Commission members shared a range of priorities as they introduced themselves Tuesday.

Steve Carey of Polar Beverages said his company is proud of the benefits it offers its employees but feels a need "to reel in costs and keep things in line." Group Insurance Commission executive director Dr. Roberta Herman voiced a similar perspective, saying she wanted to ensure state employees and retirees could access high-quality care "in a way that is sustainable to the commonwealth."

Massachusetts Eye and Ear CEO John Fernandez, the chairman of the Conference of Boston Teaching Hospitals, said he hoped the commission would consider the public-payer system and allow for "a little bit of variation for teaching."

"Without doctors, nurses and technicians, it would be hard to have health care," he said.

Anna Jaques Hospital president and CEO Mark Goldstein urged the other commission members to recognize the "vulnerability of community hospitals." He said the smaller hospitals are usually the largest employers in their area and often provide care at a relatively low cost.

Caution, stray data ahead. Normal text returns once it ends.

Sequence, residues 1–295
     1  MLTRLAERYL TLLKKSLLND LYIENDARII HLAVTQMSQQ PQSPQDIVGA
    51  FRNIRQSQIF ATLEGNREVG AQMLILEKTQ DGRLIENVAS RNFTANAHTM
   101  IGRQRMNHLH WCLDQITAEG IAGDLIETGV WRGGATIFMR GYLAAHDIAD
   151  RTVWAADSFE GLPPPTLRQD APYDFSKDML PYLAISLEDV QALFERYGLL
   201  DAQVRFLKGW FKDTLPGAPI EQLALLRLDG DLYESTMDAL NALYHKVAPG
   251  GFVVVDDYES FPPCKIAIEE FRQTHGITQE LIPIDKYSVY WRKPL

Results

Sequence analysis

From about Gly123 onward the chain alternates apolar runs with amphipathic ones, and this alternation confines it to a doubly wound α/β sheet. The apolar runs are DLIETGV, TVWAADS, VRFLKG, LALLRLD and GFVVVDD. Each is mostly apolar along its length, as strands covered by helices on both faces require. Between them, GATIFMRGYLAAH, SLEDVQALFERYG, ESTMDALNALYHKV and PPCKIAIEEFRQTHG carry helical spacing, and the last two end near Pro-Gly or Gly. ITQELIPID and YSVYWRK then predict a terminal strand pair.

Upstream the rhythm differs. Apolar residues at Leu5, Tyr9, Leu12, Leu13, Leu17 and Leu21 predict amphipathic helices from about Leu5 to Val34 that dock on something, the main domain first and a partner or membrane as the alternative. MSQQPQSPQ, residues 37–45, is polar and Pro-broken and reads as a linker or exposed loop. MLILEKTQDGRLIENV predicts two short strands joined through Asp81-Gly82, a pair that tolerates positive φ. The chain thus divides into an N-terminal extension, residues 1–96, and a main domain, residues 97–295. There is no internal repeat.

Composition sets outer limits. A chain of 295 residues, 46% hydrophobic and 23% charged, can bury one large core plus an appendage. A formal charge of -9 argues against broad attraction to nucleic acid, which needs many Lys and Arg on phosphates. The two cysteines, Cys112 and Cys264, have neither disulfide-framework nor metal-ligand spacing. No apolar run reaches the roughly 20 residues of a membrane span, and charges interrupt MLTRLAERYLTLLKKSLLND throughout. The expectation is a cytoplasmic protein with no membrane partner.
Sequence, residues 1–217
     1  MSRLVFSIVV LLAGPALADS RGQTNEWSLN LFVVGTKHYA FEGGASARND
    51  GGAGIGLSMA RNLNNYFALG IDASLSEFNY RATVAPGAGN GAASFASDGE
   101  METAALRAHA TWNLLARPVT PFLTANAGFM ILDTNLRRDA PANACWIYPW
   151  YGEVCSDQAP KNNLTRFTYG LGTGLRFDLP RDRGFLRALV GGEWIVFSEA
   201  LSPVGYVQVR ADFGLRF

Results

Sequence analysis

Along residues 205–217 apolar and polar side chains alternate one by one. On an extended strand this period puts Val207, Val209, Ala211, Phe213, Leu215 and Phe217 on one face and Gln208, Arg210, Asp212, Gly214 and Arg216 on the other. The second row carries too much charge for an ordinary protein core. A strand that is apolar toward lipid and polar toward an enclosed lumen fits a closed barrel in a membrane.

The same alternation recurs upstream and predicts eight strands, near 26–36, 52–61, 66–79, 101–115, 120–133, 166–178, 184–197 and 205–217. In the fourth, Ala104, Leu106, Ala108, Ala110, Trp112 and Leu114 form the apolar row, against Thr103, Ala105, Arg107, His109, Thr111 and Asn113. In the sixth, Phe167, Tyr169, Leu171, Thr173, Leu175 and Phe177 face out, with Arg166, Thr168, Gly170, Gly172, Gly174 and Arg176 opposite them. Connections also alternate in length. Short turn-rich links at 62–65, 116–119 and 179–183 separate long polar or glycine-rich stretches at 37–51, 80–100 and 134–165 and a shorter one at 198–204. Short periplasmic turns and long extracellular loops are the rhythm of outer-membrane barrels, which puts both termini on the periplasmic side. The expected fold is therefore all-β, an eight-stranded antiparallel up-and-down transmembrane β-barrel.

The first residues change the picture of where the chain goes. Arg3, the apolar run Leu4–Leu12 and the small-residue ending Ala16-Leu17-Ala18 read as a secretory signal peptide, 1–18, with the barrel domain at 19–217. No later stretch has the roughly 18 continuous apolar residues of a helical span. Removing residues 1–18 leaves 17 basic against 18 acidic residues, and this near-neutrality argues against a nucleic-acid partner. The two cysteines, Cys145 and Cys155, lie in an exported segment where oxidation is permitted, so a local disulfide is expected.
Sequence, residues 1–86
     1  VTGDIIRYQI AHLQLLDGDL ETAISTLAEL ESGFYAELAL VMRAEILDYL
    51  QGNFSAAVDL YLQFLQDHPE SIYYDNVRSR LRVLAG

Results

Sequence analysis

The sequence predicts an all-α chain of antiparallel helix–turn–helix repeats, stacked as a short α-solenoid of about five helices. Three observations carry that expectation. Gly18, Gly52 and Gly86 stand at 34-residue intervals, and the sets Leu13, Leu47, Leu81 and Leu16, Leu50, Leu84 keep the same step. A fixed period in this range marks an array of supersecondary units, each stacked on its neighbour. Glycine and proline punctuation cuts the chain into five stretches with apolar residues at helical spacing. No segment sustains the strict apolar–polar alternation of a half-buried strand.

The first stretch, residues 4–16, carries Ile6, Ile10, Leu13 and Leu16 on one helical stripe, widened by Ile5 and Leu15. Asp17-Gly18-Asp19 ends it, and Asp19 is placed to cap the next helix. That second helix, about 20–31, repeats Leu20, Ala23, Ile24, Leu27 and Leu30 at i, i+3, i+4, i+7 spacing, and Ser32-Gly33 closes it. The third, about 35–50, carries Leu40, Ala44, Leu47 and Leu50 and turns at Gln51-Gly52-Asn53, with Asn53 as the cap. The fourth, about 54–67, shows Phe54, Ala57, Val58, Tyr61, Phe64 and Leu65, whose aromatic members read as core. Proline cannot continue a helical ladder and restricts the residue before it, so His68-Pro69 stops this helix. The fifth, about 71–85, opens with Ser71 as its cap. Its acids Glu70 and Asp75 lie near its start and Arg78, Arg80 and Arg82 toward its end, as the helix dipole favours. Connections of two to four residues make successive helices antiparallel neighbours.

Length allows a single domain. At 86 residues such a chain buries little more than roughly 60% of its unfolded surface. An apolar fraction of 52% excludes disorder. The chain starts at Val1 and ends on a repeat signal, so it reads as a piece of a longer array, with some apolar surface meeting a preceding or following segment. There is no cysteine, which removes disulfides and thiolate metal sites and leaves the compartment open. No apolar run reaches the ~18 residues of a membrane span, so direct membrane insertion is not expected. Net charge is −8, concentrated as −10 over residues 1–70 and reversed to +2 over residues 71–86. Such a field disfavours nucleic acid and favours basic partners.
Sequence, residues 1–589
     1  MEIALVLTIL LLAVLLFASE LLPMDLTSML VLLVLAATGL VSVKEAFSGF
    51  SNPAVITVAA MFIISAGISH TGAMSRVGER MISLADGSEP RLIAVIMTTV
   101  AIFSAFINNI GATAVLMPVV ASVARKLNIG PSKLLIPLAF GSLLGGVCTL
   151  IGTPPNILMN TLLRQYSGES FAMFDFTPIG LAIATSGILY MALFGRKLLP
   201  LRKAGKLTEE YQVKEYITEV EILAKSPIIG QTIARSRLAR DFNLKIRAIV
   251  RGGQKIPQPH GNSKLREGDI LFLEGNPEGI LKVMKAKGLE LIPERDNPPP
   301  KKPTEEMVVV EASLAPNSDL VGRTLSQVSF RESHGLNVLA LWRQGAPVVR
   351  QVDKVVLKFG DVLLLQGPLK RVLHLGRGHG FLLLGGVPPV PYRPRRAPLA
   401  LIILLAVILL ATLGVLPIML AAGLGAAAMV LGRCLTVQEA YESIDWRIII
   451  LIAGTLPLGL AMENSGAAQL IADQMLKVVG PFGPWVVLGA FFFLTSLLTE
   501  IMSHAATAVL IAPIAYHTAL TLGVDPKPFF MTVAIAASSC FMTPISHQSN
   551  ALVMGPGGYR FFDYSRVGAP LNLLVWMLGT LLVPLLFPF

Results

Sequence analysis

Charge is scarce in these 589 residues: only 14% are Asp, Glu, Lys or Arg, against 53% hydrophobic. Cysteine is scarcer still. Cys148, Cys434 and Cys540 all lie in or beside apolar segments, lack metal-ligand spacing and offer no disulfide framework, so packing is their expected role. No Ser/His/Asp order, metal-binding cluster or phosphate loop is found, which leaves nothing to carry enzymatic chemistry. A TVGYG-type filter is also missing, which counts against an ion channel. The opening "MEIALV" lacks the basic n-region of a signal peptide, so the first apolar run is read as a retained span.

The health care workers union 1199 SEIU had proposed a ballot question its members said would aid community hospitals, which would have set a floor and a ceiling on negotiated prices between private insurers and health care providers.

To head off what was expected to be costly and contentious referendum fight, Gov. Charlie Baker and legislative leaders brokered a deal between the union and Partners HealthCare, which stood to lose as much as $450 million in payments under the ballot question. The compromise directs $120 million over five years to hospitals across the state and created the commission to study price variation.

On Tuesday, Tyrek Lee, the executive vice president of 1199, described his union as "the ones with the blunt instrument that I think somewhat got us here" and said he believed the commission would come up with "strong" recommendations despite the complexity of price variation.